History The two nations have never met.
Premier League Players Portugal: Nani (Manchester United)
Cheater’s guide Both teams need just a point to seal qualification through to the last 16 of the World Cup. Simple… right?
What they’re saying USA coach Jurgen Klinsmann on his team playing for the draw: “‘I don’t think that we are made for draws, really, except if it happens like tonight (vs. Portugal) – two late goals, last seconds. I think both teams go into this game and they want to win the group.”
These two have met twice before at the World Cup. Germany won 2-0 in 1998, when Klinsmann scored the second, and infamously 1-0 in the 2002 quarterfinals.
Premier League players
United States:Brad Guzan (Aston Villa); Tim Howard (Everton); Geoff Cameron (Stoke City); Jozy Altidore (Sunderland Germany: Per Mertesacker, Mesut Ozil, Lukas Podolski (All Arsenal), Andre Schurrle (Chelsea),
Belgium is already through to the knockout stages but has the chance to guarantee top spot with a point against Korea. As for Korea, they must win and hope Russia and Algeria play to a draw.
What they’re saying
Belgium coach Marc Wilmots on people criticizing his sides defensive play so far: “Pretty, pretty, pretty makes no one happy. We are tactically very disciplined and we have needed to be patient. It’s not about being beautiful – but about being effective.”
This will be the fourth time these sides have met, with Belgium winning two and drawing one of the last three. They met in the 1990 and 1998 World Cup finals, a 1-0 win for Belgium and 1-1 draw respectively.
Cheater’s guide Both teams have one point so far from the World Cup, however if they win here and Korea lose to Belgium, the victor will make it to the last 16.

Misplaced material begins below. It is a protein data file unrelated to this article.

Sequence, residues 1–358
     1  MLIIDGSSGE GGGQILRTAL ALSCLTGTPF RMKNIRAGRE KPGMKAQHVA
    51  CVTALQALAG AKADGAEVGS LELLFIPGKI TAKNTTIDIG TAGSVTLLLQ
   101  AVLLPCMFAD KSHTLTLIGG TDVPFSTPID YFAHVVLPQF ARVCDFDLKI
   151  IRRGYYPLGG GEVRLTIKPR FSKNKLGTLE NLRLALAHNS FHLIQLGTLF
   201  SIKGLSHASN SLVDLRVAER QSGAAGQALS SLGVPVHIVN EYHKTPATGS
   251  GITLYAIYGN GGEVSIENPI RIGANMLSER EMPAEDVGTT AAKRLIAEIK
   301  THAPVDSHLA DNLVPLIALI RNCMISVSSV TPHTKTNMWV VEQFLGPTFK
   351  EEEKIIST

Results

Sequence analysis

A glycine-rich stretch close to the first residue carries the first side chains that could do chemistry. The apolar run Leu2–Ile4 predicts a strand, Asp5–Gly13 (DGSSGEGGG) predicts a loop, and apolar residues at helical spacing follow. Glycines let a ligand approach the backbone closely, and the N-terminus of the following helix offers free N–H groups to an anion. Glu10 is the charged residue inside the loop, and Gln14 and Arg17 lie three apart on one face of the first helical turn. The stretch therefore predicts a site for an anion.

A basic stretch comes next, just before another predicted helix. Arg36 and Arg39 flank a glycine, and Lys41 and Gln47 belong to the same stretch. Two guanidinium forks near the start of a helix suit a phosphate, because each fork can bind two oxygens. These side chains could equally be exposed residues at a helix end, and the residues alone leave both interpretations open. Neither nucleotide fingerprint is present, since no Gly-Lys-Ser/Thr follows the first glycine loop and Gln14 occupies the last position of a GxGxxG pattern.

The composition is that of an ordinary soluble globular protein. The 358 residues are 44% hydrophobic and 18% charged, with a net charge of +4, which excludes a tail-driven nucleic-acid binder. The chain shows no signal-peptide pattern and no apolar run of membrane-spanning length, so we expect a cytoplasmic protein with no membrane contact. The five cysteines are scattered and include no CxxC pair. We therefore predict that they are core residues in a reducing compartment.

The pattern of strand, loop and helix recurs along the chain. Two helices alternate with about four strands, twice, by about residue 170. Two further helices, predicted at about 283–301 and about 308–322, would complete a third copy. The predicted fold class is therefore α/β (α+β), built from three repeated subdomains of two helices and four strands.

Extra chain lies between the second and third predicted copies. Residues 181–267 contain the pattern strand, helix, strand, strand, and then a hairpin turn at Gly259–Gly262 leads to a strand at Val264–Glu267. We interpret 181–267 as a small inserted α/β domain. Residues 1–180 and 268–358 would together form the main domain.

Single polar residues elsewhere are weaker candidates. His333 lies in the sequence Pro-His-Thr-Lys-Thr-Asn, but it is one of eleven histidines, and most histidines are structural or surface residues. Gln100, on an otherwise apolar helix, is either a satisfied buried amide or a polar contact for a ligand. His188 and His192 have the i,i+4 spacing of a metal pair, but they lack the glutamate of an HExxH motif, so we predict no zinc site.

What they’re saying
Algeria’s manager Vahid Halilhodzic after they beat Korea: “The fans never gave up on me, and it’s made me feel warm inside. But the press – the press lost confidence in Vahid. This is a gift for everyone except for you. I know you’re sad tonight but this is how it is. There are things that have provoked such animosity in Vahid. So many lies. You have attacked my own family. My pride, my honour, no one has the right to touch those things but I have not won a battle for myself. The Algerian people have never given up on me and have expended a lot of energy, and this is a small reward.”
They have only met once before, a 2-2 friendly draw in 1964.
Did you make it through Belgium vs. Russia without falling asleep? It was a tough one, a tactical battle that even the biggest tactics nerds would’ve found difficult to describe as “interesting”. In the end, though, Belgium squeaked out a 1-0 win, putting them through to the Round of 16.
Just like in yesterday’s opening match, the first half of Belgium vs. Russia was rather quiet. Fabio Capello had, as expected, instructed his team to sit back and defend, only venturing forward on rare counterattacks. Caution won out and the staunch Russia defense was able to keep Belgium’s potent attack rather quiet, although Dries Mertens proved to be quite a handful down the right.
With over 30 minutes left to play, Marc Wilmots made the decision to once again replace Romelu Lukaku. The forward had been disappointing once more, seeing barely any of the ball and failing to put himself into decent positions to receive it. 19-year-old Divock Origi took his place, and almost immediately pushed forward into the area.
The best that could be said for the second half is that Russia came out of their shell a bit more, getting forward with more regularity. However, they were still unable to do much with the ball once they were there. In fact, with both teams employing more caution than attacking intent, it came as little surprise that neutral fans could be spotted sleeping in the stands.